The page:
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Get started in Conference advocacy

Patsy and child of ESL student at Elsie UMC.

Resolutions for three social justice issues were adopted by The Michigan Conference  at Annual Conference. Practical next steps for advocacy are outlined for addressing gun violence, cancellation of federal student loan debt, and supporting immigrant driver’s licenses and state I.D.s.

ALICE FLEMING TOWNLEY
Mission and Justice Coordinator, Michigan Conference

“Who are you most likely to listen to—a stranger, or someone you know? And will you listen more carefully if they want to talk about one issue, or a long list?” asked Ellen Hoekstra as she began to teach me advocacy skills.

Ellen has long been an advocate and leader in Lansing. Ellen believed that I, her preacher, had a voice that needed to be heard beyond the pulpit, and with those forming public policy. Ellen’s encouragement persuaded me, and she expanded her lessons with training events at our church and throughout the community.

As we come home from annual conference with several resolutions involving advocacy, her words come back to me.

Religious leaders advocating at the Michigan Capitol in Lansing.
Conference staff members Alice Townley (far left) and Paul Perez (third from right), along with Episcopal and Lutheran bishops, advocate at the Michigan State Capitol for funding and legislation to reduce gun violence on April 13, 2022. ~ photo courtesy of Alice Townley

Getting started in advocacy begins by developing relationships with elected officials in your area. Perhaps it’s an official on a local school board or township board, or a city council member or county commissioner, or state or national legislators?

If these officials have public events, such as coffee hours, attend. This spring, State Representative Kelly Breen thanked a room full of faith leaders, including myself, for coming to her office. When I asked her how we could support her in her efforts at reducing gun violence, she said, “Please continue, as people of faith speaking on this issue and encourage others to do the same.” She added, “Come to my coffee hours. Sometimes no one shows up.”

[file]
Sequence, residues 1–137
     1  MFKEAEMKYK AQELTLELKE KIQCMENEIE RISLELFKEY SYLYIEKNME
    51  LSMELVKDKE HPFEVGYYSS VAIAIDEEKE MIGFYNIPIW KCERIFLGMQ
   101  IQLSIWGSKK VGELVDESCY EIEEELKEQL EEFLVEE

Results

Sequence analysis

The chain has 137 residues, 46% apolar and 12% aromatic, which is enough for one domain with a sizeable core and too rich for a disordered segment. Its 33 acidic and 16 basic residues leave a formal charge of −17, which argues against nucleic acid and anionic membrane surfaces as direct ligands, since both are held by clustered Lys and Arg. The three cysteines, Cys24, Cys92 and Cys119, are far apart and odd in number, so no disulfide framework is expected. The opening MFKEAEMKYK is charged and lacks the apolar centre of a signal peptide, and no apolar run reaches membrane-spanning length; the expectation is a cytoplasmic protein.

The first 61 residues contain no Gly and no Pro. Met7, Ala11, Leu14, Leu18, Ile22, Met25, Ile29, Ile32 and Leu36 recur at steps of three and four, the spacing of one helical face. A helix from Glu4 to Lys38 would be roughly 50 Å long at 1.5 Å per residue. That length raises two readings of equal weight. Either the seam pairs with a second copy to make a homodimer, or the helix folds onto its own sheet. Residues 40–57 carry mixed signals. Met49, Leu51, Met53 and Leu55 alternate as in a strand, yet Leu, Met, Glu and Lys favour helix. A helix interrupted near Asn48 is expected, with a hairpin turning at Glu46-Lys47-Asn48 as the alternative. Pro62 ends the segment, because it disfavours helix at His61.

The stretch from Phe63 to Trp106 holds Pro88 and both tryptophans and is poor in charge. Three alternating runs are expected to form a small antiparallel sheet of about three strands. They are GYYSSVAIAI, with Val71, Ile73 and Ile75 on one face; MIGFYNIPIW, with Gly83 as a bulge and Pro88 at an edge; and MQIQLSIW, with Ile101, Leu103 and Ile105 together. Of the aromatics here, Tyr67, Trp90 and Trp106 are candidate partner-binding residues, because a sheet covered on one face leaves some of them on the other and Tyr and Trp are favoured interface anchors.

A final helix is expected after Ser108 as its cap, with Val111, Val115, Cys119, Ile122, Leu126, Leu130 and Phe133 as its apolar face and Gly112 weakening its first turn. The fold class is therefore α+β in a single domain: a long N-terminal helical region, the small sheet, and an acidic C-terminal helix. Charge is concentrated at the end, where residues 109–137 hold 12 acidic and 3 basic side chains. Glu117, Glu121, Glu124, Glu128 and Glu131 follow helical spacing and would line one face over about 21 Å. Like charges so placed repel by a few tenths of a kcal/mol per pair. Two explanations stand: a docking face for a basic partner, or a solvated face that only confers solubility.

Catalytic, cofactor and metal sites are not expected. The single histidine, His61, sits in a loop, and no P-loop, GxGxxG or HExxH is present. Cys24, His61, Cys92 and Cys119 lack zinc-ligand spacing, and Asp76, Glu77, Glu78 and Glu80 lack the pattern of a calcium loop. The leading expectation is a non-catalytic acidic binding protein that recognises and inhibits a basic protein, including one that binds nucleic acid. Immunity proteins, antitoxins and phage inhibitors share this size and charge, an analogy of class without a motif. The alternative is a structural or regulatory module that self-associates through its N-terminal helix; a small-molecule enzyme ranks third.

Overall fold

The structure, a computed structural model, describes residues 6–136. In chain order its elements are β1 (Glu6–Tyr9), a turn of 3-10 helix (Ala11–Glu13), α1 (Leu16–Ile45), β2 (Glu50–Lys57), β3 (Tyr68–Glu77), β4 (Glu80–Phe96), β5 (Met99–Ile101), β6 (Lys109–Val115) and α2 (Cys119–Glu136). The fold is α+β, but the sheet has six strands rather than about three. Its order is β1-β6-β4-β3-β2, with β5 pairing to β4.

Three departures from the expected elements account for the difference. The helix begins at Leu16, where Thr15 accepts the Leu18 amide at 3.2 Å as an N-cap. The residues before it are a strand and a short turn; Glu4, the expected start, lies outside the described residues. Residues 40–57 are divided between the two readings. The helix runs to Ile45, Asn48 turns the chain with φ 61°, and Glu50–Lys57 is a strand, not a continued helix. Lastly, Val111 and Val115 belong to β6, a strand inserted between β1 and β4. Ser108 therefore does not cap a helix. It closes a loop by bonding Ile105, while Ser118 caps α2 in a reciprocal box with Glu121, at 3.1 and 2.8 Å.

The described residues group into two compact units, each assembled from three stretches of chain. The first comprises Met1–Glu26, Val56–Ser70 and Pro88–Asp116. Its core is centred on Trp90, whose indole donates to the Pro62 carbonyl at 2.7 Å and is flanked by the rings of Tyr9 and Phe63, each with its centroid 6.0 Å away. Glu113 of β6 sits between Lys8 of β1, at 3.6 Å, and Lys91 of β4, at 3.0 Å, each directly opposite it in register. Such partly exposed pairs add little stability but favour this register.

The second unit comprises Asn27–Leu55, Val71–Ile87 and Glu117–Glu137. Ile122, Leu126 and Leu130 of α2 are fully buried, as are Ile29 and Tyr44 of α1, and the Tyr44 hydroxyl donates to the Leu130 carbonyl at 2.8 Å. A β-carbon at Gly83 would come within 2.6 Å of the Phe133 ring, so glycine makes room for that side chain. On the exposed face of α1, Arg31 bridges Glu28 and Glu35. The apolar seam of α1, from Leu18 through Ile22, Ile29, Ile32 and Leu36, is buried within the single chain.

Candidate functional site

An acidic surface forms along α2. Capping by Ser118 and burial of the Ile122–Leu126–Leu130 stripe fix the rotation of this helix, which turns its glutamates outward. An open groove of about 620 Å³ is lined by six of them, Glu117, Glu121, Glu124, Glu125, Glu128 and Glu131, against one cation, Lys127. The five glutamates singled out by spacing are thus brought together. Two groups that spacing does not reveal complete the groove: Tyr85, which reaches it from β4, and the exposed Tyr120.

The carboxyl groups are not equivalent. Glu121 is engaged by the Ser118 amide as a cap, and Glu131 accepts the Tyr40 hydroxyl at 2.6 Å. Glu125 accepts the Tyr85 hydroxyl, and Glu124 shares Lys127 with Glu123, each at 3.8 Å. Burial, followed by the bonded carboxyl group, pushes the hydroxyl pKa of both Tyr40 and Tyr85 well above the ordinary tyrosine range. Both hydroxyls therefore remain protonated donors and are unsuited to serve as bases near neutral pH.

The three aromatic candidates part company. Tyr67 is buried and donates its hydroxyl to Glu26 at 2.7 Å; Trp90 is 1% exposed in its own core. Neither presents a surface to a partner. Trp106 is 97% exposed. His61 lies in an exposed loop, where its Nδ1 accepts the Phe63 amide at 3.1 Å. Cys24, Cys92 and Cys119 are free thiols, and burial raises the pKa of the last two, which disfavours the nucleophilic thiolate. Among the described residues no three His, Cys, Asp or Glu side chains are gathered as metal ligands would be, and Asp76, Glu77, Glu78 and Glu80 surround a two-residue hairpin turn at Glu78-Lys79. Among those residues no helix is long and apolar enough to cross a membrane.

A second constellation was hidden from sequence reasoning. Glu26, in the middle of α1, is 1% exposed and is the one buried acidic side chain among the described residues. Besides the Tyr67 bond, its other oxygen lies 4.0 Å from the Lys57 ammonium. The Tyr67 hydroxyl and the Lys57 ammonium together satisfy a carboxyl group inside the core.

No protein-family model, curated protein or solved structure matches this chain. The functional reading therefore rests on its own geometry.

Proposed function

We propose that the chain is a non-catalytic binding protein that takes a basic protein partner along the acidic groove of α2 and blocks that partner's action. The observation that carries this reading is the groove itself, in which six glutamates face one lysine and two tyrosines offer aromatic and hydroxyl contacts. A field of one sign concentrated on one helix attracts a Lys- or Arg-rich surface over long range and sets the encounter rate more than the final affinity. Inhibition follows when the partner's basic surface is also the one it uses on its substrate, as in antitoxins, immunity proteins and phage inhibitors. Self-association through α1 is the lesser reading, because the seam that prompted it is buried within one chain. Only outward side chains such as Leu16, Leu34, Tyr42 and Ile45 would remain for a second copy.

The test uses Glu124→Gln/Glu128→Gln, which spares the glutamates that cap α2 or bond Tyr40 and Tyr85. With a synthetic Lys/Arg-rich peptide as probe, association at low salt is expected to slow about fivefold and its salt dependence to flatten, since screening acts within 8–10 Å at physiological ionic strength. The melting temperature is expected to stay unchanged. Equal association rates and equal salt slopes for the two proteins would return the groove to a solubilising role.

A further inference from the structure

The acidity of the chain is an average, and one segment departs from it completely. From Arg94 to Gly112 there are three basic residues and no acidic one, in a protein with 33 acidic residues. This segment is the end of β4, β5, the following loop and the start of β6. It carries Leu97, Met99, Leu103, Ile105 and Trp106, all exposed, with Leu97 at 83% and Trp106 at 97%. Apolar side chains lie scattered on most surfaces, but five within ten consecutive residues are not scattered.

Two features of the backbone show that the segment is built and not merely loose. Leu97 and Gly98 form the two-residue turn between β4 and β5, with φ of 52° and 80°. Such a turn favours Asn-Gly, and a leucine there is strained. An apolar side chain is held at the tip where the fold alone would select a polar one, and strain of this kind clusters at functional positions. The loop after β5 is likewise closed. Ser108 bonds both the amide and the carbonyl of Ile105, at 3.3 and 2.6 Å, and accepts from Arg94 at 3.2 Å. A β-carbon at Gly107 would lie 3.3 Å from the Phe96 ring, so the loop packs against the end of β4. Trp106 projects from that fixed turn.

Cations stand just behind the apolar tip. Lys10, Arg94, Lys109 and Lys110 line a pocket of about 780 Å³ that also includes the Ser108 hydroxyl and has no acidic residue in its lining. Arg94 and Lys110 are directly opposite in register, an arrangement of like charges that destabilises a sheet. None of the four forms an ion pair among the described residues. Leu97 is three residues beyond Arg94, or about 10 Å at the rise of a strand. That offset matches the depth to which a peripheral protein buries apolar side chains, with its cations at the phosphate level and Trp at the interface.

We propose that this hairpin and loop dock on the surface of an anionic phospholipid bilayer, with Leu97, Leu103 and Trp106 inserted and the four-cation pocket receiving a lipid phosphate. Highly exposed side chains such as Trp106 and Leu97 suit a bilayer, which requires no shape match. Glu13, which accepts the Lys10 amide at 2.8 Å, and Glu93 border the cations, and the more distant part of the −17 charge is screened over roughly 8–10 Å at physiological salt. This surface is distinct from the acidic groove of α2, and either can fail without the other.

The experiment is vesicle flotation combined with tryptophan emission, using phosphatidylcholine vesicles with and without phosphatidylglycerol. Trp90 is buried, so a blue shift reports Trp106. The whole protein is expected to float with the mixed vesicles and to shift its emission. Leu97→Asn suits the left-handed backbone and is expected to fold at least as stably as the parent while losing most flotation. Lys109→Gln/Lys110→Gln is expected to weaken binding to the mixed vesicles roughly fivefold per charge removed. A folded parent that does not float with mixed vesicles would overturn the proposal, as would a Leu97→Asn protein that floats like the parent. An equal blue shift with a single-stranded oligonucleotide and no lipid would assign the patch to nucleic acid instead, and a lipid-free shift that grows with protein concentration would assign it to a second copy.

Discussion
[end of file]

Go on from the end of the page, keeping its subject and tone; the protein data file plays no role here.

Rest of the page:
Representative Breen went on to add how much it meant to have people of faith present and supportive in these conversations. It reminded me of Ellen Hoekstra’s advice on the importance of forming relationships in advocacy work.

Another state representative shared with me that follow-up thank-you notes mean a great deal to her. To be appreciated and supported for acts of courage can renew strength. Our voices are needed and valued. Let us continue learning how to share them in ways we can be heard.

Who might you reach out to? What can you thank them for? How and when might you make a request?

Consider these three areas of advocacy passed at annual conference, and then think through how you might get involved and take next steps. The hope is that the movement, and the conversations, might continue long after annual conference.

Addressing Gun Violence, #2022-16

This resolution called on The Michigan Conference leadership, including congregations, clergy and laity, to take action to address the rise in gun violence. Writers of this legislation and the Board of Justice will be gathering resources for churches to use, as well as planning a social justice advocacy day for next March.

Students organizing a March for Our Lives community event at Nardin Park UMC.
High school student board members organize a recent March for Our Lives community event at Nardin Park UMC. Rev. Melanie Carey said, “They are leading us and they are truly amazing!” ~ photo courtesy of Melanie Carey

Get started now by exploring these resources:

Think about what your church might do, and then tell others. On May 29, Nardin Park UMC displayed 21 empty chairs on the church lawn in honor of the 21 lives lost in Uvalde, and lives lost in Buffalo and California and daily due to gun violence. Rev. Melanie Carey preached about lament and turning mourning into action.